When cattle and sheep are infected in the earlier stages of pregnancy, infection of the fetus may lead to skeletal deformities in the lambs and calves once born. Cases like this were first seen in southern Scotland in 2013, but the disease's profile fell in the following seasons.

In 2017, SAC Consulting's Veterinary Surveillance Network identified fetal deformities caused by SBV in southern Scotland and northern England. Cases were seen initially in lambs from mid-January 2017 and the last case was confirmed in early May. These dates suggest a potential infection window between mid-September and mid-December 2016.


Uganda: Crimean Congo hemorrhagic fever

A 9 year old boy has been isolated at Kiwoko Hospital in Central Uganda] for suspected Crimean-Congo hemorrhagic fever, CCHF. The boy from the Kasiiso trading center in Luwero district was admitted at Kiwoko Hospital on Dec. 22 after a referral from Bamugoledde Health Center III with signs related to the highly contagious CCHF.

The boy had high fever, vomiting, general weakness, abdominal pain, loss of appetite, bloody stool and headache among others. It is reported that after the boy's situation deteriorated blood samples were picked and transferred to Uganda Virus Research Institute for tests.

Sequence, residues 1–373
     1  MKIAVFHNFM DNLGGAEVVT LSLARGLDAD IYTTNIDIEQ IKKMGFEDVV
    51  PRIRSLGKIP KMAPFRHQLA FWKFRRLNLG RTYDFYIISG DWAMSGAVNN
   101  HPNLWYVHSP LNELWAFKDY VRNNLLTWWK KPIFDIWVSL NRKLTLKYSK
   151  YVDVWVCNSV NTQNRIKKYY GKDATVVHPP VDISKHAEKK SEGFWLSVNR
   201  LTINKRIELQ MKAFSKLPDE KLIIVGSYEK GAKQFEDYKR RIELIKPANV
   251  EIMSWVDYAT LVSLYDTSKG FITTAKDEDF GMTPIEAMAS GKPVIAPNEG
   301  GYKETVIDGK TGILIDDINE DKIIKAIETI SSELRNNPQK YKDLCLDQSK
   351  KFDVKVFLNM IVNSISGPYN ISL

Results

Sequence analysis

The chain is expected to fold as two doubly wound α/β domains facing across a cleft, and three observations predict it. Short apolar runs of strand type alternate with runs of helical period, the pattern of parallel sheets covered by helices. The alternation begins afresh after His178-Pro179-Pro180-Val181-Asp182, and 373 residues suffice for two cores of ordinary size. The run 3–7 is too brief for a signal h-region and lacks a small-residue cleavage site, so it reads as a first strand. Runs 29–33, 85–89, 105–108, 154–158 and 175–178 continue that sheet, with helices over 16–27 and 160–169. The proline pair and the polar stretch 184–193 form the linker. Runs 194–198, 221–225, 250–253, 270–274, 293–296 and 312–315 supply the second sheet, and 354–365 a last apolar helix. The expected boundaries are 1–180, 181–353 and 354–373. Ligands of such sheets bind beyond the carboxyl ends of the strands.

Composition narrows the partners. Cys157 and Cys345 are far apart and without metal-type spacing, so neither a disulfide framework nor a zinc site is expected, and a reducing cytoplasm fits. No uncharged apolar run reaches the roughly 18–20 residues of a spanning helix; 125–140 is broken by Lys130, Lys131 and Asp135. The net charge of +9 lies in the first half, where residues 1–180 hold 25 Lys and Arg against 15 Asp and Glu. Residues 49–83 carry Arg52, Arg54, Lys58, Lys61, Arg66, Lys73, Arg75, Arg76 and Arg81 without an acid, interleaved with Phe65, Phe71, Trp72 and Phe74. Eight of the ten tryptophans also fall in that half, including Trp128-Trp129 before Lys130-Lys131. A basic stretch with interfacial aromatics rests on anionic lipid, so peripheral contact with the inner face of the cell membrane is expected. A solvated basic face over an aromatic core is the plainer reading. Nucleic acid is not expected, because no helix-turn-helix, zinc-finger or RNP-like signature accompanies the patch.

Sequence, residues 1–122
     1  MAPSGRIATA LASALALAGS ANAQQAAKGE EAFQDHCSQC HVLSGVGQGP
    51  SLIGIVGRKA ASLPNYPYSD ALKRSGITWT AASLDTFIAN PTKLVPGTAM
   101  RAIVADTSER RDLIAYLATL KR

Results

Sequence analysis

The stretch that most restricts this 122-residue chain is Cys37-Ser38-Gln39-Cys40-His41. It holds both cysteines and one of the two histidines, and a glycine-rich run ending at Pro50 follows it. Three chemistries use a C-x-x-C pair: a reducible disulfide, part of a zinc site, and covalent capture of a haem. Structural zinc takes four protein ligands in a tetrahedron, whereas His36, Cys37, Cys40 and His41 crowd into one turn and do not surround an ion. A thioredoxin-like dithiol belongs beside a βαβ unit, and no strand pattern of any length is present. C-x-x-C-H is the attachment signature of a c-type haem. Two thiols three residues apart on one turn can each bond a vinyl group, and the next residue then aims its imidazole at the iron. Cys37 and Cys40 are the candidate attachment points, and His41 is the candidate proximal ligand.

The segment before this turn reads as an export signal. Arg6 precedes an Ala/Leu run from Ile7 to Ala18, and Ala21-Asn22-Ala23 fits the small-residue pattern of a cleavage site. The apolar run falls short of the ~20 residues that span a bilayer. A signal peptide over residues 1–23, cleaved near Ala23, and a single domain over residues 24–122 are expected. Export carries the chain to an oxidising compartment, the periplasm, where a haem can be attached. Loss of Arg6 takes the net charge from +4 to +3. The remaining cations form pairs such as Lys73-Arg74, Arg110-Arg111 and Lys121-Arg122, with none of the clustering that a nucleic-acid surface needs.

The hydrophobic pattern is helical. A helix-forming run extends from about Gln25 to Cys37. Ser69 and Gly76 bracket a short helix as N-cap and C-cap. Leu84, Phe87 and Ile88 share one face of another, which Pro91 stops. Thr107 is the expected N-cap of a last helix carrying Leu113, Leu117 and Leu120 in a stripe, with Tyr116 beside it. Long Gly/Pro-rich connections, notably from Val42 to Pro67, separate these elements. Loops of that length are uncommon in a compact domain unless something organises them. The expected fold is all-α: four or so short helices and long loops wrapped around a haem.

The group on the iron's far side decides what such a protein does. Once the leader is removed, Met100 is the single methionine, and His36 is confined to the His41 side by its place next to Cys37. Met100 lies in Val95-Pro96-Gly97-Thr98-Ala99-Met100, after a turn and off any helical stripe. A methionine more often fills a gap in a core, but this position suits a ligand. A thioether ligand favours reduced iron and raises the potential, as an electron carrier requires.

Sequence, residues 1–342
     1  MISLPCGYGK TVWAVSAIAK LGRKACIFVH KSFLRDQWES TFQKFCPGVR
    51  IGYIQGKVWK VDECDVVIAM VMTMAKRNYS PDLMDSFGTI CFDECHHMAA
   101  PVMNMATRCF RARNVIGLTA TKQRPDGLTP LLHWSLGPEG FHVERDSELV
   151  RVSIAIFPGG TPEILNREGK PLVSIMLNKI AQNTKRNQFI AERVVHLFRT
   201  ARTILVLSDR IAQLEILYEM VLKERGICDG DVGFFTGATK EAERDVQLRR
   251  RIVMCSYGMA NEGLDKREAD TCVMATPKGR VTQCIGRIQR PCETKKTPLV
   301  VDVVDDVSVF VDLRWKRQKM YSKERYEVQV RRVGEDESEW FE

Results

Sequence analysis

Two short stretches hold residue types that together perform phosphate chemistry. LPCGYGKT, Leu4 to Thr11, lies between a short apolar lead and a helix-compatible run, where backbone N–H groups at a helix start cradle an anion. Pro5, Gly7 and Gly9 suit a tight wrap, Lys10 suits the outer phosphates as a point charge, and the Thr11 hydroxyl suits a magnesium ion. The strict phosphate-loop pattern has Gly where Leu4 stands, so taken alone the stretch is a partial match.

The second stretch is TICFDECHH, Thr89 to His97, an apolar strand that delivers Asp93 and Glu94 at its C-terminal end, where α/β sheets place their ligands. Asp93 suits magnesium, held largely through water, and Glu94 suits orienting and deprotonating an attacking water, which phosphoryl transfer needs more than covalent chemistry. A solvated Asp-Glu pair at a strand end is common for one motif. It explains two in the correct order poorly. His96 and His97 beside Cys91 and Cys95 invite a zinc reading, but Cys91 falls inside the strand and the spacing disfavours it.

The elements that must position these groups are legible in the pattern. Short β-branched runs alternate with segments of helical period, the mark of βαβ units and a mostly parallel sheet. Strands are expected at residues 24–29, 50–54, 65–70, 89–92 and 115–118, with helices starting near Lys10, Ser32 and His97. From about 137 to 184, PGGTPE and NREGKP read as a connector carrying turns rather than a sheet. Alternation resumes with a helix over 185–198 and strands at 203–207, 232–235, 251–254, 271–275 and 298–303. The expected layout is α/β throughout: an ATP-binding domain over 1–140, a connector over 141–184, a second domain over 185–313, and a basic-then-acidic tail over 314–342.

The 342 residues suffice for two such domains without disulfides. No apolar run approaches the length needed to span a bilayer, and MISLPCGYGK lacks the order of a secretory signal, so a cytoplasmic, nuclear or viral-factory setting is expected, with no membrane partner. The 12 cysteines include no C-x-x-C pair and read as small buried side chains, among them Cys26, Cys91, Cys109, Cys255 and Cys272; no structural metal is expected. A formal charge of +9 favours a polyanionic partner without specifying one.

According to an internal memo the results, which were returned on Dec. 30, revealed that the boy tested positive to the hemorrhagic fever and was thereafter isolated. Geoffrey Mulangira, the hospital administrator, confirmed the isolation of the patient and said they will address the press after they have concluded the investigations.


Iraq: Avian influenza

Anbar provincial council member Naeem Abdul Mohsin al-Ka'oud, on Jan. 6 called on the authorities to prevent the entry of imported chickens into the province, due to the risk of introducing bird flu.